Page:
I am a flight attendant ( something i never aspired to do), and just flew with a new hire of 23 years old straight out of the University of Texas, with a lame degree in english and spanish. You don't need a 50k+ education for a degree in languages. She is making about 2k a month in total salary, and lives in midtown Houston paying $1,225 a month for rent, not including bills. I don't know if she has student debt, but, I can be assured the parents coughed up for her education. I am also sure they are subsidizing her living the high life at her young age as well. I am 52 years old, topped out in pay, can make over 100k if I want to fly my tail off, and living in a $1,000 a month townhouse. My total needs for a month, is $2,200 a month. I invest for my future and do my own due diligence in the stock market. No financial advisor will look after your money any better, than you would yourself. Anyway, kids today, need to look toward their future, plan far ahead, and work, work, work to get ahead.
Before they invest in real estate, they should have most of their student debt paid off, and at least 8 months of basic living expenses covered in a liquid savings account. Then a substantial down payment, and great credit. I owned once, built a brand new house, borrowed for the down payment, put in a pool, and lived the good life for awhile. I did not have the necessary 8 months living expenses saved, although worked a lot of hours, I slowly fell behind. I eventually sold for a profit, and decided to just rent. Did away with the headaches and high taxes, and have much more flexibility now. My way is not the only way, but, if a kid today really wants that for their future, they should make sure they have all their eggs in their basket filled. By the way, I waited till I was 39 before I ever bought a house. By looking how the world economy is on the brink of collapse, I would suggest the young generation to stay away from buying anything now. Pay down your debt, stash cash for a better future. When the timing is right for you, then maybe make the plunge.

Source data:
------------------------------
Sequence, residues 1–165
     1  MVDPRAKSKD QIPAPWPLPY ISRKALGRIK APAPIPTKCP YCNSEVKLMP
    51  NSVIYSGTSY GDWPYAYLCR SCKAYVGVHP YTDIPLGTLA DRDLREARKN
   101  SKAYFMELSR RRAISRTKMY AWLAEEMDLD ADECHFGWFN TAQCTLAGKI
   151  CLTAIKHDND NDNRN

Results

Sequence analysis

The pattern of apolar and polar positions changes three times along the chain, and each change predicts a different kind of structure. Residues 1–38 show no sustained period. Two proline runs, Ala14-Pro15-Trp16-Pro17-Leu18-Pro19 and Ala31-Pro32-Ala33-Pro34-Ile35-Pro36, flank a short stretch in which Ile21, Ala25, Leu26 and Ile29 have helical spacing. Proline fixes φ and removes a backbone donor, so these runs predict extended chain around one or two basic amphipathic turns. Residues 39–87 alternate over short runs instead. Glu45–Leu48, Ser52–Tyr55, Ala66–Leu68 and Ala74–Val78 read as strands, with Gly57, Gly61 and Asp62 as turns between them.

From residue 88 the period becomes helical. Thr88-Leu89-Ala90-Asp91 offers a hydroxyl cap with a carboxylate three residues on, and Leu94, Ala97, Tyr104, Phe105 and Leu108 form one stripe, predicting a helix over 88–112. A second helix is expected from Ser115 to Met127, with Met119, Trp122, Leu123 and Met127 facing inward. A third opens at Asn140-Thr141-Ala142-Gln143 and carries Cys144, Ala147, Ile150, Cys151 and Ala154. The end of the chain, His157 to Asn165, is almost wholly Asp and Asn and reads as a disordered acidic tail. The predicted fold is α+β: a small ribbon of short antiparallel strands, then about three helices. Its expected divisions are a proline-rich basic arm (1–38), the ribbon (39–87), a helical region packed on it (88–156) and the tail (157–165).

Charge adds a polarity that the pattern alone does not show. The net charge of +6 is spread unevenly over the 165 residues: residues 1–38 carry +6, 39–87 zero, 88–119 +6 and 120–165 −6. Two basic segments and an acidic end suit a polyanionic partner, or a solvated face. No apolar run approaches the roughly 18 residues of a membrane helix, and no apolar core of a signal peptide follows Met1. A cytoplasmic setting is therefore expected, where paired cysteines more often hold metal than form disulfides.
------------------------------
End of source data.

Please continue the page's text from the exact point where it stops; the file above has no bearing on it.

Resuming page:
I dont understand - loans to pay for college that lead to higher paying jobs; where is the problem? These recent grads shouldnt be buying new homes right away anyway - work and save first. also, $23k in student loan debt doesnt seem like that much to me...if it leads to you making more money than you would have without it. new cars these days cost close to this number....
I have no sympathy for the deadbeat entitlement crowd. my wife and I both worked hard getting our education I spent 8 years in the Marines and two tours of duty in Vietnam. She worked at a Sears catalog mail center and at Red Lobster,we both graduated with no debt, We were the first in either of our families with a college degree. 20 years later our two sons worked their way through school and both graduated without debt. I have a grandson starting at Clemson this year who'll hopefully graduate without debt. Are we willing to help him out, if it's needed yes without a doubt we are. He's not your responsibility he's ours and we'll take care of our obligations.